World Trade    WT/MIN(96)/ST/10

    9 December 1996



    Original: English


Singapore, 9-13 December 1996


Statement by the Right Honourable Augusto Fantozzi

Minister of Foreign Trade

    Let me express our gratitude and appreciation to the Government of the Republic of Singapore for hosting in such an efficient manner this Conference of the WTO. It is significant that Singapore is the venue of this first Ministerial Meeting: a city and a State projected into the future for an organization that in the future finds its highest stakes and greatest promise.

    Let me also thank the Secretariat of the WTO and its Director-General for their efforts and the excellent work they have done to lay the ground for a successful outcome of this Conference.

    We are here today not only to assess the results of this first two years of implementation of the Uruguay Round Agreement, but also to confirm our commitment to those objectives of trade liberalization that made "Marrakesh" such an important achievement. In the last few years trade has grown at higher and faster rates than the global output of goods and services. Trade is playing an increasingly important role in promoting growth and development on a worldwide scale. We must make sure that this role is maintained in the future through the workings of a stronger and more efficient multilateral system of rules.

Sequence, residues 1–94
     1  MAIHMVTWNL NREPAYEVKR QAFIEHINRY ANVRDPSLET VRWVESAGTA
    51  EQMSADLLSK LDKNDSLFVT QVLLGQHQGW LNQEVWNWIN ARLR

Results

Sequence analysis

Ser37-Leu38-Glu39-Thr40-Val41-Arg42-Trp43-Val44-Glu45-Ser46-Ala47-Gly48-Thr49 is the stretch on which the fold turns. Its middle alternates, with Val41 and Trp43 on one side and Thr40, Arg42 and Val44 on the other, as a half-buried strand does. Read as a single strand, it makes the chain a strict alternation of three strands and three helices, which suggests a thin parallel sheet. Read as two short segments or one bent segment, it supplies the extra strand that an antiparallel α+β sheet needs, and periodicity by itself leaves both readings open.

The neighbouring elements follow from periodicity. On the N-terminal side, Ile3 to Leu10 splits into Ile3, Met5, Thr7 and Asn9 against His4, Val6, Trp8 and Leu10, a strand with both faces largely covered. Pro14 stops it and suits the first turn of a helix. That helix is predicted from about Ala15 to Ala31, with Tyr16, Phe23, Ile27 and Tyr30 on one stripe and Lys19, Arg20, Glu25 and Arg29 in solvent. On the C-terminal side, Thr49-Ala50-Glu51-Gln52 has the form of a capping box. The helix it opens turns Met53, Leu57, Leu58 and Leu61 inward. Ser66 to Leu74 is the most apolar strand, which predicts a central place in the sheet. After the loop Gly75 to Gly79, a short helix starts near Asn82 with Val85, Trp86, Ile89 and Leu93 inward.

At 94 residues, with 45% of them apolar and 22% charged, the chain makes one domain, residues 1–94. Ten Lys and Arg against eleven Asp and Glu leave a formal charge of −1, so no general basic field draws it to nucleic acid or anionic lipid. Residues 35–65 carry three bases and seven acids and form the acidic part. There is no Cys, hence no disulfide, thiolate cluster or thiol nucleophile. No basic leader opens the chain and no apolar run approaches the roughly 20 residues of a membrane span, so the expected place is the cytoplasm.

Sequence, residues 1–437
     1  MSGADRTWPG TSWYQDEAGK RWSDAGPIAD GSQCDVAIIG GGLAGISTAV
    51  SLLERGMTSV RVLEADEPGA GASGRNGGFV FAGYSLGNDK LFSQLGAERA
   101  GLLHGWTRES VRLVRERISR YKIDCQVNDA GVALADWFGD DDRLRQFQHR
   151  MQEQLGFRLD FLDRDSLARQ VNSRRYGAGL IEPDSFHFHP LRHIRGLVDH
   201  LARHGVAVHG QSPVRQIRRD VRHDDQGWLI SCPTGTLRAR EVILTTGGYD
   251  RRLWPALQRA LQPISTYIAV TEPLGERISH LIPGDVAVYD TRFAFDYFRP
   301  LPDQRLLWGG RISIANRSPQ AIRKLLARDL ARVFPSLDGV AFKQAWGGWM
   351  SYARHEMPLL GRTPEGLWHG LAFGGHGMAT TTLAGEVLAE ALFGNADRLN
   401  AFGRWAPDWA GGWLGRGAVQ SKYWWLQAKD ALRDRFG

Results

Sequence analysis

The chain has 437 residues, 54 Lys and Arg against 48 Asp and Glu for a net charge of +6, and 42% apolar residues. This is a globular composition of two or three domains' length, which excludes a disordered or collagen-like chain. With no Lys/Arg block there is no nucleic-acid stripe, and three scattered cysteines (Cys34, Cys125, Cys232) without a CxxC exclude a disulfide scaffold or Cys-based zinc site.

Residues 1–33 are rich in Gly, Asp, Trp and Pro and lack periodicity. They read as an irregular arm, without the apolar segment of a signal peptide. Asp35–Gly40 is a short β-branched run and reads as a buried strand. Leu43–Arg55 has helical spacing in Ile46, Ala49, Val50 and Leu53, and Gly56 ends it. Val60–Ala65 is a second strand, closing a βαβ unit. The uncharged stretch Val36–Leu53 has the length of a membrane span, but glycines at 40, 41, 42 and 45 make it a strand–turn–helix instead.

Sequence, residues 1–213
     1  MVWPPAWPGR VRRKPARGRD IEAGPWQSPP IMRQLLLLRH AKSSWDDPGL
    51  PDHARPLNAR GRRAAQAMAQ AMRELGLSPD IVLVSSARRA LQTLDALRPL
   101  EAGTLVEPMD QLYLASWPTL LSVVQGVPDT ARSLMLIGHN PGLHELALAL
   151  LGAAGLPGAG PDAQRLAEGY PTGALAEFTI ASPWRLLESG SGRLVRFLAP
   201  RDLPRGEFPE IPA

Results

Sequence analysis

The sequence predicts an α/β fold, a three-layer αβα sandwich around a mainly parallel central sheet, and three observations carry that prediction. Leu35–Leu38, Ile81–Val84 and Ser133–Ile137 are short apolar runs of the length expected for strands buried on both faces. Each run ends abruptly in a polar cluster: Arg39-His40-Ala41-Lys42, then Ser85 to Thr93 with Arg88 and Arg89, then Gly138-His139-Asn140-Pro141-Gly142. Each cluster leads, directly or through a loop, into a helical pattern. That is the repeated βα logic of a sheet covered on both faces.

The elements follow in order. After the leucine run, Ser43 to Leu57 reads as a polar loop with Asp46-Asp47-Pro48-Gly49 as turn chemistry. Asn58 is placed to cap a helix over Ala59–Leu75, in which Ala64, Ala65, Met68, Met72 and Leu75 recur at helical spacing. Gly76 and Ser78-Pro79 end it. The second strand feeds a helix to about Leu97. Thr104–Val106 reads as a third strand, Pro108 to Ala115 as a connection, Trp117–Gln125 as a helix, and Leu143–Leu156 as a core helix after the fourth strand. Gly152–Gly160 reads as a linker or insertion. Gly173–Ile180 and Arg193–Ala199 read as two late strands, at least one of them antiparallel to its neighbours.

The commitment to the strengthening of this system represents a permanent feature of our foreign and economic policies. Our economic interests drive us in this direction and Italy reiterates its full support to the multilateral system.

    In my opinion, to achieve this objective the international community should make a greater effort to help the less privileged countries enjoy the benefits of liberalization, which are still limited to a few geographical areas. Moreover, the World Trade Organization should speed up the accession of new countries in such a way as to confirm its truly universal nature.

    The huge work done in Geneva has produced an important draft Declaration. The paper still leaves a few open questions, which however will be soon resolved provided that political goodwill prevails over the Member countries' specific, albeit important, interests.